Field Research on Mount Everest
About 400000 tourists a year from Central Europe participate in a trekking trip in Europe, South America, North Africa, or Asia, making trekking one of the most popular recreational sports. Many of the adventurers, however, are not sufficiently prepared for activity thousands of meters up in the air. This pertains above all to safety management and first-aid knowledge, but also dental prevention. For this reason, Professor Dr. med. Thomas Küpper from the RWTH Aachen Institute of Occupational Medicine started a project: In the Aachen Dental and Medical Expedition, ADEMED for short, doctoral candidates learn how field research in remote areas is organized. "Data has to be collected there, where it originates. Field research also includes working with local offices and carriers, budgeting, and public relations," reports Küpper. Research is being conducted at 5550 meters above sea level in the Himalayas. Students investigate the hygiene of travelers' drinking water, their pre-existing conditions, the travel pharmacy, and the consumption of performance enhancing drugs or supplements. The German-Nepalese collaboartion with doctors and students on location works well.Copyright: RWTH Aachen
Special First-Aid System for Alpine Sports
One of the biggest problems in trekking is altitude sickness. As height increases, the oxygen supply in the air decreases. At a height of 5500 meters, the oxygen partial pressure is 50 percent smaller than at sea level. Less oxygen is delivered to arterial blood as a result of the low pressure – one is more quickly out of breath, and performance drops. Additionally, lack of oxygen leads to deficiency symptoms in tissues, so called hypoxia. The brain is affected the most, the water content in brain cells increases, so that they swell. The increase in brain pressure leads to disorders in the nervous system: lighter symptons include headache, dizziness, breathlessness, and abnormal mental behavior. Starting at about 2500 meters, the difference in height till the next camp site should not be more than 300 meters a day or 500 to 600 meters every second day.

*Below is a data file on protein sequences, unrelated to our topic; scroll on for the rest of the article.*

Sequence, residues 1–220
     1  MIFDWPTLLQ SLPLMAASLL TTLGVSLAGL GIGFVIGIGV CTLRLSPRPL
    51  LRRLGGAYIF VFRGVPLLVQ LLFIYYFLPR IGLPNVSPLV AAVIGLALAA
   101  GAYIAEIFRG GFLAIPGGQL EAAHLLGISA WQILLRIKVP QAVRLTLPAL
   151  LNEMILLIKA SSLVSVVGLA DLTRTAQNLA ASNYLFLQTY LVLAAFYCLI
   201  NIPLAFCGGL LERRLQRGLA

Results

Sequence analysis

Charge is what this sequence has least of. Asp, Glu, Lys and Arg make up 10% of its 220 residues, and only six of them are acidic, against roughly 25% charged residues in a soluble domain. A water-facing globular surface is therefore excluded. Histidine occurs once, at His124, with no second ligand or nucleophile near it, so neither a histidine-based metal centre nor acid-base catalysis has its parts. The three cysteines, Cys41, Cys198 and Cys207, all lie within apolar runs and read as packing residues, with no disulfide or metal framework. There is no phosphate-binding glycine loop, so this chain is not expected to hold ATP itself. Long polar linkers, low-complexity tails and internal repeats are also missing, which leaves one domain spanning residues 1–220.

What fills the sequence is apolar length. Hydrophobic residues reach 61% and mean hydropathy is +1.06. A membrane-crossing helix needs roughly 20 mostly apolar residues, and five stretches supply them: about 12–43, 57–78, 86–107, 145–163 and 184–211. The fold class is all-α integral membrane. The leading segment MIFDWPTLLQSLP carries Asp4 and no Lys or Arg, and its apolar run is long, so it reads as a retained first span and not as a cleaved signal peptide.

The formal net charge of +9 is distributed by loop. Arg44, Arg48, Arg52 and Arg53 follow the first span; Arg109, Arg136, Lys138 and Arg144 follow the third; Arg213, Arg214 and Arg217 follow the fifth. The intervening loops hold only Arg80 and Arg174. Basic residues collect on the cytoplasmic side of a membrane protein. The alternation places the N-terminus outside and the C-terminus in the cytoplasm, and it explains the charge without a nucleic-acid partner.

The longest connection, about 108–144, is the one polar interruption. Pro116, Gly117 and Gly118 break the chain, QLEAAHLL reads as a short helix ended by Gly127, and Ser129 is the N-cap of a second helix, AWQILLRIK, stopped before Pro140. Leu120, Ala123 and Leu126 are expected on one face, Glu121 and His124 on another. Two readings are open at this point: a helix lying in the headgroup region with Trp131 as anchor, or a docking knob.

"We always observe that people climb too quickly," said Küpper. "The body can only take in enough oxygen if one slowly acclimates to the height." Slow altitude acclimatization is no guarantee for avoiding altitude sickness, but it is the most well-known and effect preventative method. People's ability to acclimate varies from person to person. It has generally been proven that people who have been at higher heights without any symptons will also have little trouble at high altitudes.
If impairments do arise, mountain climbers often do not know how to administer first aid. "The courses that are part of the driver's license exam are not transferable to every situation," explains Küpper. For this reason the institute in Aachen is creating a modular first-aid system for alpine sports disciplines, that can be transferred and targeted to certain groups. It will consist of a basic module and an additional discipline specific module.
Dental Prevention is Important
Until now there has been hardly an data about dental problems when trekking and little knowledge about how these can be avoided with prophylaxis. Thus, the doctoral candidates investigated trekkers' mouth and dental hygiene. They determined the frequency of the difficulties or emergencies that arose and created suggestions for prevention. "Every person supervised first had the state of their teeth measured and their papillary bleeding and plaque index determined," said Küpper.
WIth small special paper sticks, samples were taken from the sulci, the furrow between the tooth and gum. These were air dried and later examined in the RWTH lab. Analysis revealed a very clear result within the large sample size: mouth flora changes significantly during trekking. There are "indicator bacteria" – at least one bacterium is present in exclusively those individuals who developed bacterial, inflamed, dental problems. "Dental prevention is an important component before every trip into high altitudes," emphasizes Küpper. He points out that RWTH occupies a unique selling point, by creating a bridge between medicine and dentistry within travel medicine.
Doctors who give advice on preventative medicine are becoming more important in an increasingly mobile, active, but also older society, that is traveling more often to very remote locations. For this reason, ADEMED has become a main part of medical teaching and research at RWTH Aachen. About every three years more and more doctoral candidates are able to go on the trip. "They learn not only how good field research is done in areas with little infrastructure, but they also carry it out in a team. In unfamiliar conditions, they have to be able to depend on one another," emphasizes Küpper.